On being “cute for a dark-skinned girl.” | VALID | #TWIBnation

On being “cute for a dark-skinned girl.”

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Nesbitt 6 Recently, the fabulous and fierce Pia Glenn wrote about colorism and light privilege, explaining what it is and what we mean when we point out that being of a certain hue has its advantages. She knocks it out the park here:

To deny that a privilege exists just because you don’t feel that you can point to examples of it in action from your life is foolish for two reasons: one person’s personal experience cannot negate a systemic ill, and a fact of privilege in this context is that those who benefit from it may not even be aware of it. The P-word has been bandied about so frequently of late that to some, it now carries a connotation of bountiful blessings. That is not what privilege always looks like; in fact it usually doesn’t. Sure, we may look at a wealthy person with many cars and a private jet and call them “privileged,” but that is different from White Privilege as it relates to racism and Light Privilege as it relates to colorism.

Back in July 2012, I wrote about the derailing that happens when we have conversations like these,  and how the narrative inevitably shifts to “mean dark girls” who stuffed the light bright girl in her locker on picture day. Instead of exploring the root of the conflict, the discourse devolves into an epic oppression olympics showdown in which no common ground is ever reached. Because no matter how many news articles and studies are presented as proof that light privilege does exist, it is all dismissed out of hand. We’d rather deal with emotions and anecdotal evidence, which is great for an episode of Dr. Phil but does little to advance the discussion.

And usually, other black people are the most egregious offenders in these conversations. The same ones who crack awful dark-skinned/light-skinned jokes on social media are the ones who deny a preference exists, or try to rationalize it as if they haven’t been conditioned. These are also the same ones who do not hesitate to share their disgust when bleaching comes up, because they can’t fathom why someone would be ashamed of their own skin, the same skin they gleefully shame daily. The cognitive dissonance would be hilarious if it weren’t so goddamned sad.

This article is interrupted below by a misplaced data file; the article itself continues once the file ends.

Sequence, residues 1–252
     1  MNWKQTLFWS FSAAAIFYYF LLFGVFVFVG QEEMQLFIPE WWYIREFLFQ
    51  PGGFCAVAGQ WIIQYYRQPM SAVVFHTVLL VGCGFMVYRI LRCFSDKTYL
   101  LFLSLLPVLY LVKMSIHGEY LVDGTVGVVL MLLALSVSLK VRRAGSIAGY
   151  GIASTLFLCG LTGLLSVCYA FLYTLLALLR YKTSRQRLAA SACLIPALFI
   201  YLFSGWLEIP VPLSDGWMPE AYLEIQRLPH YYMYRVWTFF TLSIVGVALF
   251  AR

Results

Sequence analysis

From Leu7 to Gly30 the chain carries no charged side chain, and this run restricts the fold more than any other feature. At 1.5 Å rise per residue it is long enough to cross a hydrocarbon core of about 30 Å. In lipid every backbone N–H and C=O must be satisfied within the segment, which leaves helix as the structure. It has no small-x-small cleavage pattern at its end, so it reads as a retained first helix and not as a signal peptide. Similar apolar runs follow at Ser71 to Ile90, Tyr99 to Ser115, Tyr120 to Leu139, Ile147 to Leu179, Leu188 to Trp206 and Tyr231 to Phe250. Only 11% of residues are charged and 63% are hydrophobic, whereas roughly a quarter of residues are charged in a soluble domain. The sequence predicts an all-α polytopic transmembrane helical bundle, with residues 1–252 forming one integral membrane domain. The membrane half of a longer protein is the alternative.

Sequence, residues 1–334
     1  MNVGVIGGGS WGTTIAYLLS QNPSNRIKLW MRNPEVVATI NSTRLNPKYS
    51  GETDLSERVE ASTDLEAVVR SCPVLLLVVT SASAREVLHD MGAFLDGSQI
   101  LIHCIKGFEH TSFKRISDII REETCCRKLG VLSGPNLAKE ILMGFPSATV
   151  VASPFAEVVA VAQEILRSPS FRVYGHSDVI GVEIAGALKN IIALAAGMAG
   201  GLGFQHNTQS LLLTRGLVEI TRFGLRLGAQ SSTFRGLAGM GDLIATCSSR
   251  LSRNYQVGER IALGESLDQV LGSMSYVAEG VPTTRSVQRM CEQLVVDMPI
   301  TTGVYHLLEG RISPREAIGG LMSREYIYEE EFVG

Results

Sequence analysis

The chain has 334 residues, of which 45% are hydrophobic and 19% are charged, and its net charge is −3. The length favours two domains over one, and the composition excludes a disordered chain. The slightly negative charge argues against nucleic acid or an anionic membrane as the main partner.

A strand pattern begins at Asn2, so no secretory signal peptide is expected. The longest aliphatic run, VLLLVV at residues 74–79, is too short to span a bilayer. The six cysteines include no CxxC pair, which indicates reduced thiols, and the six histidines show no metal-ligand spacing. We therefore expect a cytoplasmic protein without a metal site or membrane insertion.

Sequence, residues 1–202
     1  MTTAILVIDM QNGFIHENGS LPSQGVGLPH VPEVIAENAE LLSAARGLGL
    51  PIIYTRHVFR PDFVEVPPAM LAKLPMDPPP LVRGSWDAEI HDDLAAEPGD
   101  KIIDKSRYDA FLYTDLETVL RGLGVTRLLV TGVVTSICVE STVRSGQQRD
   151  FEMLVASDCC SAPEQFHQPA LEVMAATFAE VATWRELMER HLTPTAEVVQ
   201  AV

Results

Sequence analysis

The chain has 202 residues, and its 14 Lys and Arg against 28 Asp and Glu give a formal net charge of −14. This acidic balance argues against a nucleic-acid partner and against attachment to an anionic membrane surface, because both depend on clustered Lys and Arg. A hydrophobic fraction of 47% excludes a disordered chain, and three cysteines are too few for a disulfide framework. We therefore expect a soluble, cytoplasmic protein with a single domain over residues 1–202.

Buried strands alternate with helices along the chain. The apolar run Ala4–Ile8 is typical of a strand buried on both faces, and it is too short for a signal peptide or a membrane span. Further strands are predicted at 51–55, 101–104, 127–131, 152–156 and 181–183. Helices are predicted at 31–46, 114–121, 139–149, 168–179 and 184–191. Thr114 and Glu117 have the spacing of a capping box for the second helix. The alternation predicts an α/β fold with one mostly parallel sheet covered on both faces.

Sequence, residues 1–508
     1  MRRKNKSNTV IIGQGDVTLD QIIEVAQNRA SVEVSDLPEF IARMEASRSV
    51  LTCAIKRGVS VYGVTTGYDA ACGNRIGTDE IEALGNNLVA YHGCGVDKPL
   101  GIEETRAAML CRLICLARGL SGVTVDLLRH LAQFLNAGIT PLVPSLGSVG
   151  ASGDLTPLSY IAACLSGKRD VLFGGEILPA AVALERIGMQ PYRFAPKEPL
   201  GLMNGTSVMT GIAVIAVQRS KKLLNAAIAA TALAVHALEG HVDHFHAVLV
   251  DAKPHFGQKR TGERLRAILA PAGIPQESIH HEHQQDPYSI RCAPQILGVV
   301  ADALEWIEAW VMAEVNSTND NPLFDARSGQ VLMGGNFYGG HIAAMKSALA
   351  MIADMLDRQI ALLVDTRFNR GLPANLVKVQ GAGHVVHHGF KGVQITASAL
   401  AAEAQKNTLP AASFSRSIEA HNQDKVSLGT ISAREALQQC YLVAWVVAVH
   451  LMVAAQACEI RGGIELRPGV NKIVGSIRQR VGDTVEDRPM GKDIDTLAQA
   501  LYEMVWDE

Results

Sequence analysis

I often joke on Twitter about playing the “Find the Dark-skinned Woman in the All-Black Film” drinking game, but I think I should, just to see how stone-cold sober I’ll be after. You’ll be hard pressed to find any woman darker than a paper mag, even in black media. Hell, seeing a dark-skinned woman on BET is as probable as a unicorn sighting. Some of us have the luxury of not worrying if we’ll ever see ourselves represented. Thankfully, online media is succeeding where mainstream media is failing spectacularly, and more WOC are seeing more of themselves now than they ever have before. That’s encouraging.

As Pia points out in her post, enjoying privilege in one area doesn’t mean you aren’t oppressed in others. It merely means having one less thing to worry about. It spares you from hearing how you’re “pretty for a dark girl.” It saves you from being ostracized in the classroom. In some instances, it even buffers you from long-term unemployment. These are realities, and continuing to have the hard, challenging conversations is the only way things will ever change.

Jamie Nesbitt-Golden

Jamie Nesbitt Golden is a wife, parent, and recovering journalist who hails from Chicago. She has written for a number of sites, including Salon, xoJane, and Ebony. She loves liquor, historical biographies, and silence. Like most tech-savvy navel gazers of her generation, she can be found on a variety of social networks, including Twitter (@thewayoftheid), Tumblr, and Nerdgasm Noire Network, where she co-hosts a weekly podcast with four other nerdy, opinionated broads.

View all contributions by Jamie Nesbitt-Golden

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